The Life of a South Central Statistic

My cousin became a convicted felon in his teens. I tried to make sure he got a second chance. What went wrong?

Consider the visible surface of Los Angeles. Underpasses, bridges, alleyways, delivery trucks, service entrances, corner stores, mailboxes, water towers, exhaust vents, and the streets—in the nineties, at least, all were covered with graffiti. Few can read that graffiti. I couldn’t then, and have only now begun to learn how to decipher it. But it’s a language that represents a world. It records deaths and transactions, benefactions and trespasses, favors done and owed, vendettas pursued. Laws and punishments. If you can’t read that graffiti, you have no conception of the parallel universe, all around you, that is fundamentally at war with the legally recognized state. It’s a regime with its own rules and penalties—in effect, a parastate. Michael grew up there.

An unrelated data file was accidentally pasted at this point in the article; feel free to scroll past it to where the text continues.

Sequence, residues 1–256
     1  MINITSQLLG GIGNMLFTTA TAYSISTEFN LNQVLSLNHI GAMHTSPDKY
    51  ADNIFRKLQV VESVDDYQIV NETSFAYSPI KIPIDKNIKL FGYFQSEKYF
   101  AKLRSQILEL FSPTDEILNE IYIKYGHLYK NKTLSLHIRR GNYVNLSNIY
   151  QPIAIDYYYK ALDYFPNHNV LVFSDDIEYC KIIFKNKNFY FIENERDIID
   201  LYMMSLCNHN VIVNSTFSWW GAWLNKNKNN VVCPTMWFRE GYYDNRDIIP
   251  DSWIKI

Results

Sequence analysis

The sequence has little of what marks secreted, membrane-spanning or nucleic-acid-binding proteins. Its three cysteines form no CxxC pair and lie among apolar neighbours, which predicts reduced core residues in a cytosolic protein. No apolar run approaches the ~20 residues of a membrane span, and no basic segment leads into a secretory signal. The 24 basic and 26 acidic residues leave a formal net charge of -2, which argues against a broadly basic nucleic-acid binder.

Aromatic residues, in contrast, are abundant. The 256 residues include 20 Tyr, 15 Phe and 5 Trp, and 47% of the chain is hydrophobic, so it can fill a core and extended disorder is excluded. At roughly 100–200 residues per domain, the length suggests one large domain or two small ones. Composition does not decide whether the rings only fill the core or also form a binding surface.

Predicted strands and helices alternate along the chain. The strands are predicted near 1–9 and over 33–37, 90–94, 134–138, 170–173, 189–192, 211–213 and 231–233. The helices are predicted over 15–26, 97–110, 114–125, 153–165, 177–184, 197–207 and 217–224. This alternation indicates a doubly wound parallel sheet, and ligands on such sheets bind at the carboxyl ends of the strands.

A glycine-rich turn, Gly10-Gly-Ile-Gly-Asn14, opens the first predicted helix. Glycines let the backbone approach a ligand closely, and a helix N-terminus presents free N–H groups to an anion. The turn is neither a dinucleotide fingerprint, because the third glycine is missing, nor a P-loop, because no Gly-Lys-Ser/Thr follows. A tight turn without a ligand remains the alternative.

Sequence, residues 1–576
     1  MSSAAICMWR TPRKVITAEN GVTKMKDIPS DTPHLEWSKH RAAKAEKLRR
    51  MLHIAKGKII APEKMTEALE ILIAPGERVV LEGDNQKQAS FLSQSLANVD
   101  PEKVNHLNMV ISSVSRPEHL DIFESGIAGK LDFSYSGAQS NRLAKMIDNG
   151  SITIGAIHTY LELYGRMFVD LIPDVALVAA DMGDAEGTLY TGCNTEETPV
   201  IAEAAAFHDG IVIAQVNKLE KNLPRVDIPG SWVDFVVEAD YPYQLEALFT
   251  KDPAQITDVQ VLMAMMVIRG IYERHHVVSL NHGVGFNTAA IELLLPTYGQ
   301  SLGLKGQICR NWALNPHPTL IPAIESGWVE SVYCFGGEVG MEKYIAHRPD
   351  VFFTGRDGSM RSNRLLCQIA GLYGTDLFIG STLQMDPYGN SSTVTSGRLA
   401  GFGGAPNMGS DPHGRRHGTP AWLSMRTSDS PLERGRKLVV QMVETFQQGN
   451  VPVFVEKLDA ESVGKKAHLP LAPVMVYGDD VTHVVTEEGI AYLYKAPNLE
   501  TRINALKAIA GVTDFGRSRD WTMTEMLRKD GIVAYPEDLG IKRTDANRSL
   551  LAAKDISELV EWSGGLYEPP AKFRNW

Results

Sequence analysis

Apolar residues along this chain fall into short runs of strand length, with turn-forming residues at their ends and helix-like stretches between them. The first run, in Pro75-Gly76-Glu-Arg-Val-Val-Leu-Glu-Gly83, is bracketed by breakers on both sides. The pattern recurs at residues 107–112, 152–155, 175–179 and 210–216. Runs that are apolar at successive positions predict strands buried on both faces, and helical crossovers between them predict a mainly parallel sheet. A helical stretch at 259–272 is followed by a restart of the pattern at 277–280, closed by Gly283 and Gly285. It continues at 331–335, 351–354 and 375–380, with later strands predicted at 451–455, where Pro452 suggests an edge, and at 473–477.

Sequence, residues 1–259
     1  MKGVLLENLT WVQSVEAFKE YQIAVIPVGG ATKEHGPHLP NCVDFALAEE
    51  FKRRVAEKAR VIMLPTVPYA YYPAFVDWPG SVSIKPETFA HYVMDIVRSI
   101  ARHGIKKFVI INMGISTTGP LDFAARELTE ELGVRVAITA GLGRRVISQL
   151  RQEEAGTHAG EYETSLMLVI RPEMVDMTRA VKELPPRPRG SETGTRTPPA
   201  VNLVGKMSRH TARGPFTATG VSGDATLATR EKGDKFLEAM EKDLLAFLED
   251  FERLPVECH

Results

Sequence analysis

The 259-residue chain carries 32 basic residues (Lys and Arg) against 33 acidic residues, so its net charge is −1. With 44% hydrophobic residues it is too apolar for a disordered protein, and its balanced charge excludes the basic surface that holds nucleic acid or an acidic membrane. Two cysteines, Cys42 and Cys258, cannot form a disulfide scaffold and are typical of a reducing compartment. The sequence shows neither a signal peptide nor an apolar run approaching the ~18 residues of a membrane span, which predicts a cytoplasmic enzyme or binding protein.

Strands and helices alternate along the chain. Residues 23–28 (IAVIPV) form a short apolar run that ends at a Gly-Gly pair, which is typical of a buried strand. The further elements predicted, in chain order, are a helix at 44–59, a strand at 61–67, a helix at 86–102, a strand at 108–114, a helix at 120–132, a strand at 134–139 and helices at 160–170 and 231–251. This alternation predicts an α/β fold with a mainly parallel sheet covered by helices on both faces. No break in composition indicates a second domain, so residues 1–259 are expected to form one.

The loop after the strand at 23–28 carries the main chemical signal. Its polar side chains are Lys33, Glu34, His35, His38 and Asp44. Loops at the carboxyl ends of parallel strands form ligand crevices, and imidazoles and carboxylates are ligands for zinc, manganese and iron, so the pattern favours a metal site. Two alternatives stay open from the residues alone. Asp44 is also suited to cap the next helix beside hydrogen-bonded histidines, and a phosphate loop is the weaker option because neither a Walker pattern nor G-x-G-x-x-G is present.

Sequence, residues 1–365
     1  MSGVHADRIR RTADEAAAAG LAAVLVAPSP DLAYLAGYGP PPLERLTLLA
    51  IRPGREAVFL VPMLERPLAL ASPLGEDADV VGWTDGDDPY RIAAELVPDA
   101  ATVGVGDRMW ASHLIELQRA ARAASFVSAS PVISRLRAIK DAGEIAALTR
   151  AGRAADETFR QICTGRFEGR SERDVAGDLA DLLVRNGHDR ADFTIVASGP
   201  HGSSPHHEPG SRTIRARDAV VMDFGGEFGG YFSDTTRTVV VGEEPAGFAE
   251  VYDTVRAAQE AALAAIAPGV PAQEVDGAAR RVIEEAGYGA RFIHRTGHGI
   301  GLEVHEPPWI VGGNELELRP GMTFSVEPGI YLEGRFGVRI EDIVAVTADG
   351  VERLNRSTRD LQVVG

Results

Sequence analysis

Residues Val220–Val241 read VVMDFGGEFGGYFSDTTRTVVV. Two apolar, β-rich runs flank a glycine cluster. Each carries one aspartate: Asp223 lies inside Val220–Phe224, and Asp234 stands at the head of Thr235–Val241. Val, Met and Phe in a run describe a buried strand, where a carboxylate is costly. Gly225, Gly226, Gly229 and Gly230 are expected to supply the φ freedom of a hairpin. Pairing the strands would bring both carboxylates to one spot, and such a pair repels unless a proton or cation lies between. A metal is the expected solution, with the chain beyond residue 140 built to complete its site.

Read more from Danielle Allen, former Professor in the School of Social Science, at the New Yorker.